The health ministry has decided to designate the deadly H5N1 strain of avian influenza as an infectious disease, officials said.
The designation will enable authorities to force infected persons to be hospitalized for treatment and impose restrictions on their work activities, the officials of the Health, Labor and Welfare Ministry said.
The plan was approved at a meeting Friday of the ministry’s Health Sciences Council and will be implemented this summer, the officials said.
The last time the ministry took such a step was in July 2003, when severe acute respiratory syndrome, or SARS, was designated as an infectious disease.
The government had initially planned to designate the H5N1 strain of bird flu as an infectious disease once an outbreak was confirmed.
But it decided to proceed with the designation anyway in part because H5N1 has been spreading rapidly in various parts of the world, with about 190 cases of human infection confirmed since mid-2003 in nine countries in Asia and in the Middle East, the officials said.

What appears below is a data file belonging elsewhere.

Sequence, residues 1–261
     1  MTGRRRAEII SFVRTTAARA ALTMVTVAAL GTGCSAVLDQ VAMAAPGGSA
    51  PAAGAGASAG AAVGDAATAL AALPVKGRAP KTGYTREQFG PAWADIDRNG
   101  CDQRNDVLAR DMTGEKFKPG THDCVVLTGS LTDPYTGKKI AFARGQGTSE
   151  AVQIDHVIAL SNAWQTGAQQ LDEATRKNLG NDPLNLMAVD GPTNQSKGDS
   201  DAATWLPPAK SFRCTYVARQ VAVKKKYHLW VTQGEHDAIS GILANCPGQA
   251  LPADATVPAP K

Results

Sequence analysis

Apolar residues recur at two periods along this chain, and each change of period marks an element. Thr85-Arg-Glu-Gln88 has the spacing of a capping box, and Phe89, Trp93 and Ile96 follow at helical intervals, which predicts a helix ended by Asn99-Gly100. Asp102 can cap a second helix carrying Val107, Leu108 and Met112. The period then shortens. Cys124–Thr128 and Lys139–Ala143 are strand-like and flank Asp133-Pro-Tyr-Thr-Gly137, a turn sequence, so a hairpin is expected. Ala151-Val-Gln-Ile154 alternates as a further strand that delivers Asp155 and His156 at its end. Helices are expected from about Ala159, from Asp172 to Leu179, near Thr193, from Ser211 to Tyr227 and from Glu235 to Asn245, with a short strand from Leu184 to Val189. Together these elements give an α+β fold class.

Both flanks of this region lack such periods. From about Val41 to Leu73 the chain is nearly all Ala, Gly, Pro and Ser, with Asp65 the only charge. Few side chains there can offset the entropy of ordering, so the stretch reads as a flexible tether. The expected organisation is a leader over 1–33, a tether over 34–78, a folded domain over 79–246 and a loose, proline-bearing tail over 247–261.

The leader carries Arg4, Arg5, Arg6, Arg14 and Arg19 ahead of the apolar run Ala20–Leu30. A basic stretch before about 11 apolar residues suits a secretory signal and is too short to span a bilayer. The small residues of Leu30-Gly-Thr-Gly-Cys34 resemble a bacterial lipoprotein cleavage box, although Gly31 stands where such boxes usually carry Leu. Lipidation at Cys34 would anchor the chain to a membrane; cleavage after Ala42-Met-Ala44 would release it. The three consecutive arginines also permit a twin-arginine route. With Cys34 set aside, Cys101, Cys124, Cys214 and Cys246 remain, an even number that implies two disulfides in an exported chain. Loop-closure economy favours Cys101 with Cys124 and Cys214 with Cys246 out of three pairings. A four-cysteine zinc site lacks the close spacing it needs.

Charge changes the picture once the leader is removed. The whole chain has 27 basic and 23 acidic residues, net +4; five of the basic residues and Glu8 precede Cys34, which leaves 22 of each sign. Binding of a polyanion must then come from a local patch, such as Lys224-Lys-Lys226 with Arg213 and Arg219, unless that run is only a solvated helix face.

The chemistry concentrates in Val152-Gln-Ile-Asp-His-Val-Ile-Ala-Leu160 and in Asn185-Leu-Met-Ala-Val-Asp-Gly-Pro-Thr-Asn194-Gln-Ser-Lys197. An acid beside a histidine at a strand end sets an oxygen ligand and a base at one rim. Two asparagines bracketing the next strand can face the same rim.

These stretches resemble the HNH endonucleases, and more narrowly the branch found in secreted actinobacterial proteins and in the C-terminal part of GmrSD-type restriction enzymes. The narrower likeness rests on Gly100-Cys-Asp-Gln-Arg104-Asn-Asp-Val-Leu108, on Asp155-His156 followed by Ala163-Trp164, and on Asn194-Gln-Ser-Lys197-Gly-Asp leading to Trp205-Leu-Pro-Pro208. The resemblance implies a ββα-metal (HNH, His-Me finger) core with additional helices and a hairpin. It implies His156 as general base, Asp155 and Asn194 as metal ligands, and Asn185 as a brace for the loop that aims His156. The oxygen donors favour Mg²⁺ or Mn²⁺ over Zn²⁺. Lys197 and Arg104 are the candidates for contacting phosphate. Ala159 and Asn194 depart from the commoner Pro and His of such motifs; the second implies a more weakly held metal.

The health ministry also considers it necessary to take preventive measures because H5N1 has the potential to mutate into a form that can be passed easily from person to person and because the World Health Organization has called for isolating a patient infected with H5N1. Currently, the H5N1 strain of bird flu falls in a category of diseases for which authorities are not allowed to isolate a patient.
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